Sunday, July 31, 2011

Swarm at Church of the Pilgrims

I had a big bee weekend this week, hitting almost all the hives we manage including those in the far reaches of Maryland and West Virginia.  My first stop on Saturday was the Church, which has two hives that have truly thrived without much attention or feeding from me, a testament to to the ample foraging opportunities in our city.  Their Russian hive has filled up two deeps and I am considering adding a honey super, and their Italian hive, installed in May, needed a second box which is why I was there on Saturday.

These hives were in great shape and thus a few minutes to fill the feeders and add a pollen patty to each hive was all it took.  I noticed nothing unusual in the behavior of the hives.

I got a call from the church pastor later in the day, while I was in LaPlata, telling me she heard that one of the hives had swarmed with the bees sitting on a branch.  I was surprised as a swarm this late in the season is unusual, but was convinced when she sent me a picture of the bees.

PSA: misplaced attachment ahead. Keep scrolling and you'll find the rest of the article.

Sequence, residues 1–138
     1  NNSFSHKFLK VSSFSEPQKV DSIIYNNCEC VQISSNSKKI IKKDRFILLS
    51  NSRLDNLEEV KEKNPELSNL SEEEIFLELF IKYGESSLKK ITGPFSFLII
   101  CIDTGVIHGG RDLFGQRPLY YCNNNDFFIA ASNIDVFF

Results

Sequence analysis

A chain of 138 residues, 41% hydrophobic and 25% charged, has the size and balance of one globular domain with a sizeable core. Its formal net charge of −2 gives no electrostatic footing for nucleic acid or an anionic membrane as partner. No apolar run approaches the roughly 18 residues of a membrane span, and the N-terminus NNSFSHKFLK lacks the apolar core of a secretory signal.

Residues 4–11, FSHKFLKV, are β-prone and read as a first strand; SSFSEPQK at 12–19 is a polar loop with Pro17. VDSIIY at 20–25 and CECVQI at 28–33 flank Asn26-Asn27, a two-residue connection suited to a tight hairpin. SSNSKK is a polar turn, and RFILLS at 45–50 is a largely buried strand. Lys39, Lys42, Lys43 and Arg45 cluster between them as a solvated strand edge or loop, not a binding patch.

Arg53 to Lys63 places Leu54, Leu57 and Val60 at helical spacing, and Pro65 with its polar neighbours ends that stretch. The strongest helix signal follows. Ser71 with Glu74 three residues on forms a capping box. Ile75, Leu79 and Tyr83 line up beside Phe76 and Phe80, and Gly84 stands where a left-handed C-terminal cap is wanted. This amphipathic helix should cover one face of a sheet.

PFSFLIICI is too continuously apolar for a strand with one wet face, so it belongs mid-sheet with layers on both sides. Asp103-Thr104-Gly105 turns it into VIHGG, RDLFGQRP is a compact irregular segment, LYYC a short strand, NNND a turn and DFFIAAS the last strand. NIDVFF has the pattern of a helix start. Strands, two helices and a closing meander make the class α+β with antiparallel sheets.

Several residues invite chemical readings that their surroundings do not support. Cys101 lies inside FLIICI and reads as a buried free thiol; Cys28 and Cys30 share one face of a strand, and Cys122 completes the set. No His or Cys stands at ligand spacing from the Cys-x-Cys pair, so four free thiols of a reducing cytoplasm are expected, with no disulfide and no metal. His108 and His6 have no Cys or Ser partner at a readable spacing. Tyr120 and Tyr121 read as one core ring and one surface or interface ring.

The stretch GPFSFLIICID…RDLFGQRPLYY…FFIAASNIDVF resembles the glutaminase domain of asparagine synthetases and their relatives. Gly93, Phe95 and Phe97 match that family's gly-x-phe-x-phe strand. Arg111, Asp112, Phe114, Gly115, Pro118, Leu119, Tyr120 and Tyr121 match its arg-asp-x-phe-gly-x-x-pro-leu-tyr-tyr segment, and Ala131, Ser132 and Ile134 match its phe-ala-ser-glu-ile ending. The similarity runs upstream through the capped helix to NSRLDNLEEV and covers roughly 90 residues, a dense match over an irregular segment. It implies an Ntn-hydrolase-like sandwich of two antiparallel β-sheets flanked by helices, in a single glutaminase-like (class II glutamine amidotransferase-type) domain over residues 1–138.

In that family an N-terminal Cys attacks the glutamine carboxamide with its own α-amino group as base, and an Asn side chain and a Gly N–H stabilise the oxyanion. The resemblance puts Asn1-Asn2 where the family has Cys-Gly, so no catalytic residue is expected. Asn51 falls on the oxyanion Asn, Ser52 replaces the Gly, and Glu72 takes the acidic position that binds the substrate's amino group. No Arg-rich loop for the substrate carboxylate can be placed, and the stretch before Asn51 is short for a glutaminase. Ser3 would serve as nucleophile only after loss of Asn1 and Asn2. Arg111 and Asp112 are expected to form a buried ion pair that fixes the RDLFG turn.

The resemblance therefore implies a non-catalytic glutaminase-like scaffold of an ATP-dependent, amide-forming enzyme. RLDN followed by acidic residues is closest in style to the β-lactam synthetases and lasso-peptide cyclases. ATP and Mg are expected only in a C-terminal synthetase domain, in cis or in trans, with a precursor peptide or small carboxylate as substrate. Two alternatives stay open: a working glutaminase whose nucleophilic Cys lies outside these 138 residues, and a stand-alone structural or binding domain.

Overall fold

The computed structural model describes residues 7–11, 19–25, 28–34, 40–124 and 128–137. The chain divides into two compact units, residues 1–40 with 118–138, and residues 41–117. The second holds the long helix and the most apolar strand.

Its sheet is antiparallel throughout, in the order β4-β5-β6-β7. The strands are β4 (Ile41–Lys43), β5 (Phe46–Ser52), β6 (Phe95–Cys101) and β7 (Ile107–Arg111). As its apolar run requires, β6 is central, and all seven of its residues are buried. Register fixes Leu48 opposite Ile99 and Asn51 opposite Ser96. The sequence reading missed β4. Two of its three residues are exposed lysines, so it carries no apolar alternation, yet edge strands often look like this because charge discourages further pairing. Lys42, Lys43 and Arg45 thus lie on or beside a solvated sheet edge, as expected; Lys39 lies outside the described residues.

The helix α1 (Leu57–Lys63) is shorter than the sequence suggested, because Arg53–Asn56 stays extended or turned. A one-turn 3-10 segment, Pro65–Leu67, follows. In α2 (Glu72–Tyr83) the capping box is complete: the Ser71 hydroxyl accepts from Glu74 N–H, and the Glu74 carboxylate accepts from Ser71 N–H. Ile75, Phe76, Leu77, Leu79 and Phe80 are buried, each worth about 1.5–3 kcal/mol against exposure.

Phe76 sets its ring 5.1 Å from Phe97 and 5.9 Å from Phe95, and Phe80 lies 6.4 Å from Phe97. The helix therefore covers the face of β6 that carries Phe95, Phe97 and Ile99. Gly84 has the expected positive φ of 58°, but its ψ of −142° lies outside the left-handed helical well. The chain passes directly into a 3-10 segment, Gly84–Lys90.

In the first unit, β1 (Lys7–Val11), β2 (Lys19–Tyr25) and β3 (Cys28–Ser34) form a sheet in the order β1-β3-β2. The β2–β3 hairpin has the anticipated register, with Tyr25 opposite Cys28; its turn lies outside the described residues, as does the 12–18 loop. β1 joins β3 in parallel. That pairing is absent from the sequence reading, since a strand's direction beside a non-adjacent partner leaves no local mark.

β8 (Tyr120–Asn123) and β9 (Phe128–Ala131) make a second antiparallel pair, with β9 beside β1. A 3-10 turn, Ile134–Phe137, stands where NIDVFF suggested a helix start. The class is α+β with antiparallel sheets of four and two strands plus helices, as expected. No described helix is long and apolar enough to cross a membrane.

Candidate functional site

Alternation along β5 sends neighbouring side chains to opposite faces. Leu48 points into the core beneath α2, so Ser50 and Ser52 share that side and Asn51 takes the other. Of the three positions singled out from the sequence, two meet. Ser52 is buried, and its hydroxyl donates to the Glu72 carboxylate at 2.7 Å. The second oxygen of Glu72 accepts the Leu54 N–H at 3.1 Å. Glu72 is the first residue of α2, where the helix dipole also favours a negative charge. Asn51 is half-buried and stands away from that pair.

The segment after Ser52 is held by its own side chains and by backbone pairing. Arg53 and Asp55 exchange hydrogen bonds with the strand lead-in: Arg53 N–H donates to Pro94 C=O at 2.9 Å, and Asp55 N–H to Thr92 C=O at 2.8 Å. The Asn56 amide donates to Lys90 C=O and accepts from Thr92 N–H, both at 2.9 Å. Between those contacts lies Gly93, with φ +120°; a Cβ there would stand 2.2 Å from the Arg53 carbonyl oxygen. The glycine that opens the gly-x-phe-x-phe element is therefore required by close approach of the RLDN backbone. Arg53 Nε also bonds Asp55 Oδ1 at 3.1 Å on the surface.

I got there about 4 o'clock to witness the ball of bees.  It was an impressive size, I guess at least five pounds of bees.  I luckily had a spare nuc box in the car from my day's work so I was fully equipted.

As I have mentioned in this blog before, a swarm is not dangerous or aggressive as the bees have no hive or honey to defend, and have bellies full of honey in preparation of building a new hive.  To prove that to some bystanders I stuck my bare hand into the ball of bees.  I wish I had my video camera!

With on aggressive shake of the branch (which was at ground level) the bees fell into the nuc box, into which I quickly added some frames of drawn honeycomb and popped on the lid.

These bees cannot be reintroduced to their original hive as that hive has bred a new queen in anticipation of the swarming behavior.  So these bees will be used to start a new hive in the District.  They are now living happily in a nucleus hive on my roof, eating sugar syrup and rebuilding their new home.

A review of the hives I visited this weekend.
  • Walker Jones School:  Added a deep super to the Italian hive, fed.
  • PG County Community College:  Installed a nuc to the dead colony, fed both hives.
  • EatWellDC in LaPlata:  Fed the three hives, introduced a Nuc to a dead colony.
  • Arcadia: Doing much better, fed each of the 5, the nuc I introduced has taken well.
  • Fresh and Local CSA (W.Va):  Fed each of the hives, had to boost a couple of hives with frames from others.
  • Patowmack Farm:  Three hives are in reasonable shape, added a frame of open brood to left-most hive as it appeared queenless.  Fed each.
  • Boneta Reserve:  After lots of effort the right hand hive is now full of eggs thanks to a laying queen.  The older hive is doing well and will need a second box shortly.  Fed.

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